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Health and Well-being

Social psychological processes are among the most powerful contributors to both mental (e.g., life satisfaction) and physical (e.g., cardiovascular disease) health outcomes. The faculty at the University of Utah are engaged in cutting-edge research addressing the bidirectional associations between social processes and health. This work includes both clinical and community samples utilizing diverse methodological and statistical approaches including dyadic models (e.g., actor-partner), and mental (e.g., well-being), and physical (e.g., inflammation) health outcomes. Researchers in this concentration are interested in the following questions:

Social Area Pub Event

  • How do self-regulatory processes influence one’s reaction to health communications (e.g., risk/genetic testing)?
  • What are the statistical approaches to modeling change in chronic disease management?
  • How do individuals maintain interest and motivation when they need to learn on their own, exercise regularly, or work on long term projects?
  • What are the psychological and biological mechanisms linking social relationships to health?
  • How does subjective well-being influence health and what are the policy implications of such research?

People

Social Area Faculty

Lisa Aspinwall

Jonathan Butner

Ed Diener

Samantha Joel

Carol Sansone

Bert Uchino

Affiliated Faculty (Outside of the Social Area)

Brian Baucom

Cynthia Berg

Kimberly Bowen

Craig Bryan

Elisabeth Conradt

Sheila Crowell

Lisa Diamond

Bruce Ellis

Ansuk Jeong

Patricia Kerig

Lee Raby

Tim Smith

Paula Williams

Papers Related to Research Questions

  • How do self-regulatory processes influence one’s reaction to health communications (e.g., risk/genetic testing)?

Aspinwall, L. G., Stump, T. K., Taber, J. M., Kohlmann, W., Leaf, S. L., & Leachman, S. A. (2015). Impact of melanoma genetic test reporting on perceived control over melanoma prevention. Journal of Behavioral Medicine, 38, 754-765.

Taber, J. M., Aspinwall, L. G., Stump, T. K., Kohlmann, W., Champine, M., & Leachman, S. A. (2015). Genetic testing enhances understanding of risk information and acceptance of prevention recommendations compared to family history-based counseling alone. Journal of Behavioral Medicine, 38, 740-753.

  • What are the statistical approaches to modeling change in chronic disease management?

Butner, J., Gagnon, K. T., Geuss, M. N., Lessard, D. A., & Story, T. N. (2014). Using topology to generate and test theories of change. Psychological Methods.

Butner, J. E., Berg, C. A., Baucom, B. R., & Wiebe, D. J. (2014). Modeling coordination in multiple simultaneous latent change scores. Multivariate Behavioral Research, 49(6), 554-570.

  • How do individuals maintain interest and motivation when they need to learn on their own, exercise regularly, or work on long term projects?

Huynh, S., Stefanucci, J. K., & Aspinwall, L. G. (2014). Self-affirmation counters the effects of self-regulatory resource depletion on height perception. Journal of Experimental Social Psychology, 52, 96-100.

Sansone, C., Smith, J.L., Thoman, D., & MacNamara, A. (2012). Regulating goals-defined and experience-defined motivation when learning online: Motivation and performance tradeoffs.  The Internet and Higher Education, 15 (3), 141-149.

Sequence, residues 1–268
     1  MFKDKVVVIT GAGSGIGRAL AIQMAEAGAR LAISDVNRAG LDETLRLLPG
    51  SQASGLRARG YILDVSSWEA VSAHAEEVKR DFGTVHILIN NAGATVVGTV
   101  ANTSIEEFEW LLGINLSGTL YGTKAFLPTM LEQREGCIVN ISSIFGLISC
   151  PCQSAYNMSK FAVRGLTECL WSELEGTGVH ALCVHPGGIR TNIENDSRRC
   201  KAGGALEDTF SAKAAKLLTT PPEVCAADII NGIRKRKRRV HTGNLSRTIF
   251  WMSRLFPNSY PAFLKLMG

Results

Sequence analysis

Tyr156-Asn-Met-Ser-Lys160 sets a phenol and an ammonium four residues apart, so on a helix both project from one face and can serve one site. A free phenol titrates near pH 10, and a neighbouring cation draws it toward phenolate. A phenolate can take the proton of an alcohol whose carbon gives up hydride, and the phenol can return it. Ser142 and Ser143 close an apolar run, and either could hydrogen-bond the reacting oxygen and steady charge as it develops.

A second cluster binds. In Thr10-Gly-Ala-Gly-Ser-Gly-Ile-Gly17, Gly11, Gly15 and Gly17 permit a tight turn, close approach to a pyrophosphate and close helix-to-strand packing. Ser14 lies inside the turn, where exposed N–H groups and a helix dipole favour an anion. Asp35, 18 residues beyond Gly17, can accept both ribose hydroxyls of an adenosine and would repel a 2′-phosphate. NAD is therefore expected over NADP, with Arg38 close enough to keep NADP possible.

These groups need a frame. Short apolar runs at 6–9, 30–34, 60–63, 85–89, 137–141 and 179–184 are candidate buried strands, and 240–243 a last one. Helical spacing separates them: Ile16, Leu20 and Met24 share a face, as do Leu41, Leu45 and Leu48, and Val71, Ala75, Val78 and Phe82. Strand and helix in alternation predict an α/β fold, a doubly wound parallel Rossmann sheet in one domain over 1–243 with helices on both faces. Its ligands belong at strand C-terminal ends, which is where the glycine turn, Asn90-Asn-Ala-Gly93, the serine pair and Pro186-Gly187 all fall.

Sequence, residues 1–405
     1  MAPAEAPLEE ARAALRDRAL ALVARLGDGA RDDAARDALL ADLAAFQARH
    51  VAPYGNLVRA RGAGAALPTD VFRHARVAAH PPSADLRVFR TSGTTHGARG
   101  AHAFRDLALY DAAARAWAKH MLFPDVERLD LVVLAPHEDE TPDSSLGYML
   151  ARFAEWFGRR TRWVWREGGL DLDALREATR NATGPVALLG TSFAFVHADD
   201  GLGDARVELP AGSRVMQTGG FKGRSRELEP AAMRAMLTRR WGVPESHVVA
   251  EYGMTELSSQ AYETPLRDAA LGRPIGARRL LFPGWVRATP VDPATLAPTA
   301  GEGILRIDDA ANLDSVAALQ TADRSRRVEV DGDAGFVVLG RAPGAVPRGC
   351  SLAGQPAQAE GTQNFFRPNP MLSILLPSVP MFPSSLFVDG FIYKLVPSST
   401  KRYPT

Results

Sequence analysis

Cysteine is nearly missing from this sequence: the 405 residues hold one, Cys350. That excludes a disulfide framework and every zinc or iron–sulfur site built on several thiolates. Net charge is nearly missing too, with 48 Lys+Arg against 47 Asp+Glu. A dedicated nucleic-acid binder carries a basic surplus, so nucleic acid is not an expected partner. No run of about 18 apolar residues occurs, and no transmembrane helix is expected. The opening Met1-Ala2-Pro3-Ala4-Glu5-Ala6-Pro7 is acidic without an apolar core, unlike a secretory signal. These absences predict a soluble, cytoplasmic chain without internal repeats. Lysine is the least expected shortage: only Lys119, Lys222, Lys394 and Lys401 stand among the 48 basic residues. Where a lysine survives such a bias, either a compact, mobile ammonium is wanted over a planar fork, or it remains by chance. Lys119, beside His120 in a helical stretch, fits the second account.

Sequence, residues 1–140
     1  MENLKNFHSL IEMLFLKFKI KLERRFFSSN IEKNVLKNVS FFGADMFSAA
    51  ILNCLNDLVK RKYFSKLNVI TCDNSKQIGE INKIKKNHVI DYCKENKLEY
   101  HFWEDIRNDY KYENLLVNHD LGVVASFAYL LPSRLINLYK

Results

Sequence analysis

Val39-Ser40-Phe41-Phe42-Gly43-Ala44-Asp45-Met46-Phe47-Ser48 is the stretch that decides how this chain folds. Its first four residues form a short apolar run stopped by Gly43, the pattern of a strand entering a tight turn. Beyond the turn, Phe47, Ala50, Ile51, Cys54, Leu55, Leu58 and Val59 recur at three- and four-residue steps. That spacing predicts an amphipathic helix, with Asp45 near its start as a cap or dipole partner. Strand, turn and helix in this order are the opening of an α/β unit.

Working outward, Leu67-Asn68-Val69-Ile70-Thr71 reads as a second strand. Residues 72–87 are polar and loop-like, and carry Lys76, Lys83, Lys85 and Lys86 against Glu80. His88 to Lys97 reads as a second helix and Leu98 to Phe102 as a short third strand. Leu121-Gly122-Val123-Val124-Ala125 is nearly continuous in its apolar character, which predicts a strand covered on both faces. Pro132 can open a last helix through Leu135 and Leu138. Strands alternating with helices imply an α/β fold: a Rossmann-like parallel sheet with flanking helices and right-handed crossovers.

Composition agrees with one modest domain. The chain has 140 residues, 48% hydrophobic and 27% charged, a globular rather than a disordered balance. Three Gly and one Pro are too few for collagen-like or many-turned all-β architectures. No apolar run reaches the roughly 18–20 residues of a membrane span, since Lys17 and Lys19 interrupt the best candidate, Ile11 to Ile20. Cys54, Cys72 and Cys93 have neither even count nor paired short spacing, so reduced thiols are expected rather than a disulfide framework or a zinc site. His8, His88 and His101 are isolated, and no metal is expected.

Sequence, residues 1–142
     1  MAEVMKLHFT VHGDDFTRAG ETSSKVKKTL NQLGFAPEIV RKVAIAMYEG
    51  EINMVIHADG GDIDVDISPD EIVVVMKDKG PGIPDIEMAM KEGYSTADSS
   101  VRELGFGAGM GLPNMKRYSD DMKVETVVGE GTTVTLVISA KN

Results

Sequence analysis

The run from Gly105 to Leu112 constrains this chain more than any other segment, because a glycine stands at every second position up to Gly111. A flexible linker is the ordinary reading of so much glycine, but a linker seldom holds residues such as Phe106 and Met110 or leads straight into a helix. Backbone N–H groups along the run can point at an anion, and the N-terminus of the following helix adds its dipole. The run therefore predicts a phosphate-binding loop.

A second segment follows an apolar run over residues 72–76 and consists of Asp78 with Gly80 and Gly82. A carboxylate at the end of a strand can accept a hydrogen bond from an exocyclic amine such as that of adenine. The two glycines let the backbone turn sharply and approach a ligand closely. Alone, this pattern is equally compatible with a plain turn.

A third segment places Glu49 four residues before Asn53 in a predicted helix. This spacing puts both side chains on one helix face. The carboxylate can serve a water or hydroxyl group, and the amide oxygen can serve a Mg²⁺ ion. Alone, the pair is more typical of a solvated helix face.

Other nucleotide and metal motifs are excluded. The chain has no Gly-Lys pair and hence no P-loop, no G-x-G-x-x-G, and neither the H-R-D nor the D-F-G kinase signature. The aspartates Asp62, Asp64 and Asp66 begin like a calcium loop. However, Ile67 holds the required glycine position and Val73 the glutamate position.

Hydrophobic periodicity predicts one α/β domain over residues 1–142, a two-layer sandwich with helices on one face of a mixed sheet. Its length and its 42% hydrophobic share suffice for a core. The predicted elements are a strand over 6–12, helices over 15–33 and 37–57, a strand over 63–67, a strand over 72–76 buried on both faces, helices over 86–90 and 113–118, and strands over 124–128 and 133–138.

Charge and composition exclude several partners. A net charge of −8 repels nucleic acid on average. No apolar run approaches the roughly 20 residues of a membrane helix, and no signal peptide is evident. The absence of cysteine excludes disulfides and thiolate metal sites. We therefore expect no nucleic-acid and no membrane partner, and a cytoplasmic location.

Thoman, D.B., & Sansone, C., & Geerling, D. (in press). The dynamic nature of interest: Embedding interest within self-regulation. In P. O’Keefe & J.M. Harackiewicz (Eds.). The Psychological Science of Interest: Exploring Its Functions, Forms, and Formation. Springer. In press, 08/01/2016.

  • What are the psychological and biological mechanisms linking social relationships to health?

Joel, S., MacDonald, G., & Shimotomai, A. (2011). Conflicting pressures on relationship commitment for anxiously attached individuals. Journal of Personality, 59, 51-74.

Kent, R. G., Uchino, B. N., Cribbet, M. R., Bowen, K., and Smith, T. W. (2015). Social relationships and sleep quality.Annals of Behavioral Medicine, 49, 912-917.  DOI 10.1007/s12160-015-9711-6

Uchino, B.N. & Way, B.M. (in press).  Integrative pathways linking close family ties to health: A neurochemical perspective.  American Psychologist.  *Co first authors

  • How does subjective well-being influence health and what are the policy implications of such research?

Diener, E., & Chan, M. Y. (2011) Happy people live longer: Subjective well-being contributes to health and longevity. Applied Psychology: Health and Well-Being. 3(1), 1-43.

Diener, E., Diener, C., Choi, H., & Oishi, S.  (2017). Most people are happy revisited – And discovering when they are not.  Perspectives on Psychological Science, 30th Year Anniversary Issue, Association for Psychological Science.

Diener, E., Oishi, S., & Lucas, R. E. (2015). National accounts of subjective well-being. American Psychologist, 70, 234-242.

Relevant Course Offerings

Graduate Courses

Advanced statistical/methods courses to support specialization:

Undergraduate Courses

  • PSY 3330 – Stress Management
  • PSY 3430 – The Science of Subjective Well Being and Positive Psychology
  • PSY 3460 – Health Psychology
  • PSY 4460 – Social Psychology of Health and Illness

Additional Resources/Facilities

Departmental

  • Behavioral Medicine Research Group
  • Close relationships Research Group
  • Developmental Research Group
  • Cardiovascular Psychophysiology Assessments
  • Neuroendocrine Assessments

College/University

Last Updated: 5/17/17